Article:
In the realm of tablet purchases, mobile shoppers are more likely to buy items on their tablets than on their smartphones. While 30 percent of tablet owners say they have made purchases on their devices, only 13 percent of adults in the U.S. with smartphones say the same.
These findings come from the new Forrester Research report, “How US Consumers Shop On Mobile Devices,” which provides a snapshot of the overall current state of the U.S. mobile retail market. And while relatively small numbers of shoppers are purchasing items on mobile devices, the report reinforces the fact that mobile commerce and mobile usage will grow significantly in the coming years.
Mobile’s Upward Trajectory
By 2016, the total number of tablets in the U.S. is expected to surpass the 150 million mark, making them more popular than desktop and laptop computers as they become the preference of 45 percent of the adult population.
The study cites larger screens as one of the drivers for higher numbers of purchases on tablets. The study finds that tablets are also more likely to be used for mobile commerce activities other than shopping, including researching a product and reading customer reviews.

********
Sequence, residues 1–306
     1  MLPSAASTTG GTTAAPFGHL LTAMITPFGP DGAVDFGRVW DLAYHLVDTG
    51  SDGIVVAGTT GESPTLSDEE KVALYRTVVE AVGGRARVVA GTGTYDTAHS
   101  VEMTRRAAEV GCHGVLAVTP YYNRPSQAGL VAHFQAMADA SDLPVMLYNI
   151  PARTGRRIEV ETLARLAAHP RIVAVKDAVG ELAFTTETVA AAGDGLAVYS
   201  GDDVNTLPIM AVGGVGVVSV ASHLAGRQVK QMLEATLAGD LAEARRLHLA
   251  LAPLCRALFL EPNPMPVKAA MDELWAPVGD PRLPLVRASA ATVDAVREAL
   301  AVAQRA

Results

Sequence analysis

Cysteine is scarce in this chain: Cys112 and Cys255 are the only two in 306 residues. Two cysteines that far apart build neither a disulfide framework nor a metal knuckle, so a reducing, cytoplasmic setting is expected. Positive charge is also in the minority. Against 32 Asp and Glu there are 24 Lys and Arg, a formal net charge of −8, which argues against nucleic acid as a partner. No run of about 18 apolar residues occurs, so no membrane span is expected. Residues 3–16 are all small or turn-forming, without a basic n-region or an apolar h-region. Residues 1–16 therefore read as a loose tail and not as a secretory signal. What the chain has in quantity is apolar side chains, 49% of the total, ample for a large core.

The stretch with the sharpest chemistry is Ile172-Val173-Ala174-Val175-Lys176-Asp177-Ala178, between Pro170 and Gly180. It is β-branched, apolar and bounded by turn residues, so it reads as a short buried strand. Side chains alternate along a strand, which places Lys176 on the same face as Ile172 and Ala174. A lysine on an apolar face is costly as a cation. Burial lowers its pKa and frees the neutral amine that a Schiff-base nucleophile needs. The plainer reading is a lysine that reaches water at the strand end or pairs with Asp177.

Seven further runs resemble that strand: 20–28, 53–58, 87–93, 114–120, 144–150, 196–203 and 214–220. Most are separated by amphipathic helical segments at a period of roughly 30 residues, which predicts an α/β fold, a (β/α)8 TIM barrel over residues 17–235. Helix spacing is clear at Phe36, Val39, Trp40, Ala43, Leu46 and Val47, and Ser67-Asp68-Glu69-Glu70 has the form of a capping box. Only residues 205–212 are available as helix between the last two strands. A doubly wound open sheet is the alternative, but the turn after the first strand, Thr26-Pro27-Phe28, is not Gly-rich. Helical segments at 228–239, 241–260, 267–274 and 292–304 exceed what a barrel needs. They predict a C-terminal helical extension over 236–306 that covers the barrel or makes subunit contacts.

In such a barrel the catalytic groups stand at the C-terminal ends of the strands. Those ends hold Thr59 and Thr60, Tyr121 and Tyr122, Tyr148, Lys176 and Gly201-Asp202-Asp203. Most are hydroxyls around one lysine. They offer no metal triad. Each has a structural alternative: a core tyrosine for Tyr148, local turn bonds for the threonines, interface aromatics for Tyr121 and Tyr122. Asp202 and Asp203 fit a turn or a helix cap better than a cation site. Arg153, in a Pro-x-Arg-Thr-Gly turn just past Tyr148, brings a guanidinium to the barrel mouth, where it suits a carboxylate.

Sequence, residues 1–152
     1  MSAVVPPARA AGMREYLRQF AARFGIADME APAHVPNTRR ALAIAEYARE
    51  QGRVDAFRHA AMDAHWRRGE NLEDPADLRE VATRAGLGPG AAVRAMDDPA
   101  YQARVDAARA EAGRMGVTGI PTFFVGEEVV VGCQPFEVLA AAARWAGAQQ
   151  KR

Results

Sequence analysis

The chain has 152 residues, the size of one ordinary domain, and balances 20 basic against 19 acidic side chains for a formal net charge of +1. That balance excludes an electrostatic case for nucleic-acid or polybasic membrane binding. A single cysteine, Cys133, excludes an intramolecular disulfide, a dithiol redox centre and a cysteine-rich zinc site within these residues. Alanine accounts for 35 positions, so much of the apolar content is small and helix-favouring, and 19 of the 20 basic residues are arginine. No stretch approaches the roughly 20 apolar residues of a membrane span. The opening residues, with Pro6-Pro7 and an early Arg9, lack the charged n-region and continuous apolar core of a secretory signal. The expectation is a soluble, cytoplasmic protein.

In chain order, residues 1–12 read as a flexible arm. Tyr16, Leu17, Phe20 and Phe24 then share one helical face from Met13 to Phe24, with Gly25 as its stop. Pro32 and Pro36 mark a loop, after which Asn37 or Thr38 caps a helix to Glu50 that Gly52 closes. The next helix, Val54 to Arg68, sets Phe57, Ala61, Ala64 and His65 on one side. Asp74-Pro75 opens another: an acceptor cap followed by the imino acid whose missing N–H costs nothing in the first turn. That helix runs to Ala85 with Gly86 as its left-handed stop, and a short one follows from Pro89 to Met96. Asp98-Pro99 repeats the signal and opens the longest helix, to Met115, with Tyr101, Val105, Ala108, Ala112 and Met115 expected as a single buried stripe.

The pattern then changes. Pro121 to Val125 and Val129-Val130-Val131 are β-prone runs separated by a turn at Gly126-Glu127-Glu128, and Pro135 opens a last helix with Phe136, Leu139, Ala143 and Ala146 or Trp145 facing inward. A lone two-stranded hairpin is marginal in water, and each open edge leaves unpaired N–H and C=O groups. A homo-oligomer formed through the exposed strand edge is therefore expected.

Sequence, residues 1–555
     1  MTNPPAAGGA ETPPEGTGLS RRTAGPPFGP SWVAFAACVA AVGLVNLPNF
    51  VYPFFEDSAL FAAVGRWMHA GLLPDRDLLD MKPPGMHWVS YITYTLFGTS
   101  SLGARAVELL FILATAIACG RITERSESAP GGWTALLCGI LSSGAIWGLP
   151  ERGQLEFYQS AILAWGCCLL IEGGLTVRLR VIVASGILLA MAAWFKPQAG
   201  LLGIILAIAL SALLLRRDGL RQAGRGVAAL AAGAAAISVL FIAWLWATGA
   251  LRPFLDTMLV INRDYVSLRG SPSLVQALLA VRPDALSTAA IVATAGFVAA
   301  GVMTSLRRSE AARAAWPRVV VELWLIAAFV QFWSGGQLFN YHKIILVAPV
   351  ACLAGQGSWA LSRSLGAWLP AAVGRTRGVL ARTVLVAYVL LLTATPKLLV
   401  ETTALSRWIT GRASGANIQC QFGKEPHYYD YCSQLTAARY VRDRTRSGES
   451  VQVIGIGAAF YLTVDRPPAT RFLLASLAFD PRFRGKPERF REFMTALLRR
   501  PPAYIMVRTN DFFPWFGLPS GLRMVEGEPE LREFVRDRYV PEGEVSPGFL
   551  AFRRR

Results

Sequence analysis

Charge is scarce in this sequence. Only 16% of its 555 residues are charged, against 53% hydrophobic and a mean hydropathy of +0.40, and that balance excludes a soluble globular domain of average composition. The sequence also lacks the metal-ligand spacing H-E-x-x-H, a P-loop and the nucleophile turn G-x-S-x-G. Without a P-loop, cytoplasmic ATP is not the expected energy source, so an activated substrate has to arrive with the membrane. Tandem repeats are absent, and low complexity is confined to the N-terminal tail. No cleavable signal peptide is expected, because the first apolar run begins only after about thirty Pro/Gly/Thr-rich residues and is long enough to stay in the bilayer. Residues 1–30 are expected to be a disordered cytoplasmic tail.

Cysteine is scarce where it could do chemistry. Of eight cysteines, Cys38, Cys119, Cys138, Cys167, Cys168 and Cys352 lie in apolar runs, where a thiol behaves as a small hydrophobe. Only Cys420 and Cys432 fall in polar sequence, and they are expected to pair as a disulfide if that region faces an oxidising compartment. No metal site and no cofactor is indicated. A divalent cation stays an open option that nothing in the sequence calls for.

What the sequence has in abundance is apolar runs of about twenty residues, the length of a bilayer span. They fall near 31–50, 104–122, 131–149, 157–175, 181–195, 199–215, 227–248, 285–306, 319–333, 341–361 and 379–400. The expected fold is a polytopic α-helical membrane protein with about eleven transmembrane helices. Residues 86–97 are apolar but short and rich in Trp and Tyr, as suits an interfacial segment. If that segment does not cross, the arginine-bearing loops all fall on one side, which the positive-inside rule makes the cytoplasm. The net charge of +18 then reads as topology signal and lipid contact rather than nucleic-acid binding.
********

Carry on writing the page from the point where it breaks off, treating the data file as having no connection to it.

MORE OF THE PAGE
The types of products being purchased on mobile devices, however, are similar among smartphones and tablets, with the most purchases coming from apparel, tickets and travel. Appropriately, however, tablets are more popular for online e-book purchases, which is again attributed to screen size.
Tablet purchases are becoming more prevalent because these devices are viewed as attractive replacements for home computers, as indicated in the study. In fact, when the report cites another Forrester study that predicts that U.S. mobile revenue will reach $31 billion — or 9 percent of total ecommerce — by 2017, that number only includes smartphones and places tablets with other ecommerce revenue.
However, this doesn’t mean marketers should not consider tablets mobile devices, as they still have to create campaigns and user experiences based around touchscreen websites and apps. But the study finds that retailers are lagging behind on creating these mobile websites and apps, despite the growing popularity of tablets.
Many retail executives have launched mobile apps but say they are still skeptical of the return on their mobile investment. The report finds that this leads to fewer user-friendly mobile retail apps and, consequently, less mobile commerce.
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